But laurels from the art world don’t matter to TikTok, as an algorithm allows users to scroll indefinitely through related interests. Rather, it is the artists who use the “moment” to gain influence. Success requires artwork that can instantly grab the viewer’s attention, usually with a combination of internet culture, human anatomy, and wet memes. This formula goes well with TikTok’s leading demographic: the teenagers, who make up nearly a third of the app’s users.
And many artists on TikTok have a hard time keeping up interest. Gina D’Aloisio, a 22-year-old sculptor, posted a video of herself as a student in which she created an incredibly realistic silicone face mask. It received more than 22 million views; More followers came over as she parted other fleshy body parts from her work, including a belly button ashtray and a foot candle.
However, audiences began to be reluctant to pay $ 255 to purchase the face masks, forcing D’Aloisio to release a video series to justify the cost of this labor-intensive product.
The artist said in an interview that she decided to leave TikTok when the platform starts dictating what she does. “I’m not ready to sacrifice the expensive parts of my practice that are essential to the job,” she said.
And some color artists find that success can bring a different kind of criticism that their white counterparts don’t see.
Leila Mae Thompson received more than one million views for a video announcing her intention to trust male artists. Their audacity paid off with nearly 300 new subscribers linked to their Patreon page. There fans paid $ 5 a month to get custom stickers and updates about their work.
Thompson, a 23-year-old self-taught in Richmond, Virginia, now runs a small business through TikTok that sells posters and shirts and has made nearly $ 20,000 since August. Her subject often includes the Black Lives Matter movement and artistic reactions to the death of George Floyd; As a result, some commentators have accused her of profiting from racial injustice without realizing that she identifies as biracial and Black.
“Racing has been a difficult part of my life,” said Thompson, “and it’s traumatic when people make you question it again online.”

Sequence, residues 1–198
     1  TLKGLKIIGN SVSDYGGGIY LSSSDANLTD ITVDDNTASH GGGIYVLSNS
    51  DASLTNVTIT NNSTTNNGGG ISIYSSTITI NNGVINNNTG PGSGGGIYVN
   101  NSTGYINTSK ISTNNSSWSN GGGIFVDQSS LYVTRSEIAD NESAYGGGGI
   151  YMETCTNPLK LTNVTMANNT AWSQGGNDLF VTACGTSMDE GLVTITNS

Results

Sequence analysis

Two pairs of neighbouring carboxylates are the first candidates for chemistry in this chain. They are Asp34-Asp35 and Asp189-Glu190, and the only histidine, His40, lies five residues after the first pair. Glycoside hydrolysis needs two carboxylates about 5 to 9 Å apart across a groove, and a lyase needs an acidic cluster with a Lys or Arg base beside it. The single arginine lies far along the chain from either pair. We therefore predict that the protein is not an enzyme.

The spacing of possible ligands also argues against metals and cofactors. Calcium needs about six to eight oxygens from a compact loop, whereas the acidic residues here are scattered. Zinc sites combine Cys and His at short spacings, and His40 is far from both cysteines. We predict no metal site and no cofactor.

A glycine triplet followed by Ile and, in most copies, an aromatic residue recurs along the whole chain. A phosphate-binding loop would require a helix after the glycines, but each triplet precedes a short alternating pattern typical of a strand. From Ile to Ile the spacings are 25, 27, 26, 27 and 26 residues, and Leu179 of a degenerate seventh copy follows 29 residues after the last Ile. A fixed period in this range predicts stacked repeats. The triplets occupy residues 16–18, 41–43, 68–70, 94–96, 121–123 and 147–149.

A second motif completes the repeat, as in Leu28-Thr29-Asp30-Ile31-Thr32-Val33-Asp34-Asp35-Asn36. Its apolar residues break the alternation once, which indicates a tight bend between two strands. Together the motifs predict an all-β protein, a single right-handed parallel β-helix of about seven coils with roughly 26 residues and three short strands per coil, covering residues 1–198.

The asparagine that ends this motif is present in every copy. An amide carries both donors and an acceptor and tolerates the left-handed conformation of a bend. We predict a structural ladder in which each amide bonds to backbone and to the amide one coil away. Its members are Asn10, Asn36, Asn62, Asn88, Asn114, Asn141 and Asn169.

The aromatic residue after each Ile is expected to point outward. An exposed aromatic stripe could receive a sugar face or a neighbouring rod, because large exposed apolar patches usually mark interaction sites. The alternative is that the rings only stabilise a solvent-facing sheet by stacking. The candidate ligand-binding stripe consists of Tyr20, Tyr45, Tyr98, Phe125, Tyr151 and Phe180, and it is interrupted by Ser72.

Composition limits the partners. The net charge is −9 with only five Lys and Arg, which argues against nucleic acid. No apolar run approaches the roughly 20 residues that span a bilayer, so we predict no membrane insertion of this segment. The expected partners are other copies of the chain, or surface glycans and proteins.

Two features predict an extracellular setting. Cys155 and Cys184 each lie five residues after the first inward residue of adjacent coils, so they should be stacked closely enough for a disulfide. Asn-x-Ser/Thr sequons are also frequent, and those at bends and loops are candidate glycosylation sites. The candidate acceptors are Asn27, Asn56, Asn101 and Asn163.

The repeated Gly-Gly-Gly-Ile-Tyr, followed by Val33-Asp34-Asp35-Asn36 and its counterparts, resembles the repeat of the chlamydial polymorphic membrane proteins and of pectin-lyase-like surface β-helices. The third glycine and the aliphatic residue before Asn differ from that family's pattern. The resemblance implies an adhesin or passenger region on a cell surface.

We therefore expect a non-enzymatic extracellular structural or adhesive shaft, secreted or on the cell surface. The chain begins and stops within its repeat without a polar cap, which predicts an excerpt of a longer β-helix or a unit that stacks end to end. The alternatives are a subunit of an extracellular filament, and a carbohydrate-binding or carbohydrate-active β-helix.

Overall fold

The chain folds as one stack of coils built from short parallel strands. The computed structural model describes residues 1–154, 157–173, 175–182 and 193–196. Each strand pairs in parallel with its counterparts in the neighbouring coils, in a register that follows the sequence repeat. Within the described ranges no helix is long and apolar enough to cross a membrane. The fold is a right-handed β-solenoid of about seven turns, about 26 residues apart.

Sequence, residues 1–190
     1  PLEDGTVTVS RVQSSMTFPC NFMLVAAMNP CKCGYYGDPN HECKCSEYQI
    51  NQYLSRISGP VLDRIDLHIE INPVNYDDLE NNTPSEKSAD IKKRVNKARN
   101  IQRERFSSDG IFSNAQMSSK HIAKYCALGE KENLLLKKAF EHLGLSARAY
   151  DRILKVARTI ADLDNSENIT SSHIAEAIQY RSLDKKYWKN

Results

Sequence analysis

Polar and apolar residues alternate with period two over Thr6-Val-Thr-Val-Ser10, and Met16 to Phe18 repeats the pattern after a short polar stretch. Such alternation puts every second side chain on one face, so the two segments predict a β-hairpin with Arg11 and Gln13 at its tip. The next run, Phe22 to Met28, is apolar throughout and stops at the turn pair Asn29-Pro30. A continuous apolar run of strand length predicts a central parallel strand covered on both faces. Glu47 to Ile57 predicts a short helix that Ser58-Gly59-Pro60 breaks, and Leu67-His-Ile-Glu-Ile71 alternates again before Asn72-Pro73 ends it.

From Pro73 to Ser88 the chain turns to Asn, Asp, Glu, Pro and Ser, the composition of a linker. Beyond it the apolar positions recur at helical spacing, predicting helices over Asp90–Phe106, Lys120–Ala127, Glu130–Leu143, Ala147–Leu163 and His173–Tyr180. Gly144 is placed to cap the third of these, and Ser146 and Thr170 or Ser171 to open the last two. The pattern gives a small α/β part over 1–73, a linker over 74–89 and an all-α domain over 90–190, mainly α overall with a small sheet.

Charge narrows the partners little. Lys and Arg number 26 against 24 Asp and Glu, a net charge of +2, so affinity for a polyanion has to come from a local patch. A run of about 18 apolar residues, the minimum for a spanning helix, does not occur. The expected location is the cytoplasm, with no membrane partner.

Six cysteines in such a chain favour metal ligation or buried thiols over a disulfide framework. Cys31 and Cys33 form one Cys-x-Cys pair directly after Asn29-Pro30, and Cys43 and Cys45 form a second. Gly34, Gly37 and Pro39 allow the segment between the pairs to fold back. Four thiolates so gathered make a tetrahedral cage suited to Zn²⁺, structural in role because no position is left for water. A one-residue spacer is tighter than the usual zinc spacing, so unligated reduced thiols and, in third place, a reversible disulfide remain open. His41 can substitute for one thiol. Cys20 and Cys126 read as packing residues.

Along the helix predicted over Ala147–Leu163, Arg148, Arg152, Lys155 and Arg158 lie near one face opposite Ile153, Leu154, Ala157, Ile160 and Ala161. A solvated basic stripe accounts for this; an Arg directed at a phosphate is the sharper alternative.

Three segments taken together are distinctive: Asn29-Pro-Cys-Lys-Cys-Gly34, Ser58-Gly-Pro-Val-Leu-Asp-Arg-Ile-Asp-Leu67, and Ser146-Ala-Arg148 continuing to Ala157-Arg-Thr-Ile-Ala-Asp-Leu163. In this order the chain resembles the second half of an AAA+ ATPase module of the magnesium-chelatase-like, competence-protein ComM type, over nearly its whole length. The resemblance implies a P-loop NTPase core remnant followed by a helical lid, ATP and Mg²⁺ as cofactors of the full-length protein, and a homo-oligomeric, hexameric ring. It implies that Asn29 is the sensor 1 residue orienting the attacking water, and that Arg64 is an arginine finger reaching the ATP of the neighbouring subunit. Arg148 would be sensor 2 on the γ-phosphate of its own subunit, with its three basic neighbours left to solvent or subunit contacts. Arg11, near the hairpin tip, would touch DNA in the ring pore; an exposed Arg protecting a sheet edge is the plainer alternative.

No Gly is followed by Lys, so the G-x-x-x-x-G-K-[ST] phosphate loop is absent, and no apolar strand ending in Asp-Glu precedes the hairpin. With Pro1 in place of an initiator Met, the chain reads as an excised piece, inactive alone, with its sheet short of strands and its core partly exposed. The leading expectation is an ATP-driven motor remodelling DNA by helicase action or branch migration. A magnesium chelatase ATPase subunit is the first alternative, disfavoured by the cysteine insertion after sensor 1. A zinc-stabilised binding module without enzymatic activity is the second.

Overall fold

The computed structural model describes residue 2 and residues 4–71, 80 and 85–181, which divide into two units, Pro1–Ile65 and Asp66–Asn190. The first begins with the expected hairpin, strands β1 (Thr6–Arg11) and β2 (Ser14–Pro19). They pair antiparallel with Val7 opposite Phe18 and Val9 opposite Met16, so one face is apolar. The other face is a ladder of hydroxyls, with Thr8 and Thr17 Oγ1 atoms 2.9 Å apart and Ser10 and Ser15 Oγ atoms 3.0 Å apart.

It also recognizes a double standard on a platform where the number of white artists who succeed dwarfs the number of color artists who shoot to fame. In June, TikTok apologized on charges of censorship and suppression of content by black users, many of whom say they saw their ideas appropriated by white creators. However, many in the app’s black community say that little has changed.
“All of my videos that went well; My face doesn’t show in them, ”Thompson said.
The volatility of life on TikTok has led some artists to form support groups. Colette Bernard, a 21-year-old sculptor at the Pratt Institute in Brooklyn, often works with five other practitioners, including Thompson, trying to convince established artists that they have one foot in the digital world of TikTok and another in the professional world Art scene can keep doors open
“You can make a video of yourself talking about art while you come fresh out of the shower with a towel on your head that I have and reach thousands of people,” Bernard said. “But established artists and old institutions are not interested in showing the public this level of rawness.”
Since joining the platform last year, she has made more than $ 45,000 through her online store and has focused on low-priced items like stickers, jewelry, and shirts. (TikToks Creator Fund, the platform’s incentive program, rewards a select number of users with a few cents per thousand views.)
“I’ll be self-employed when I graduate,” said Bernard.
Still, she recognizes that TikTok’s capricious traits can place artists in a vulnerable position. “You have to post every day or people will lose interest,” she said. “And it has completely changed the type of work I do. It’s more sustainable for me to sell shirts and stickers than the big sculptures I make for school. “
Her anxiety peaked in January when she said a bug on TikTok resulted in two of her videos not receiving any views. She had invested more than $ 20,000 in her products. “If they don’t sell, I’m fucked up.”
But at the end of last month, Bernard had ridden up the TikTok roller coaster. Another of their videos had gone viral and fans had spent nearly $ 10,000 on their online store during the day.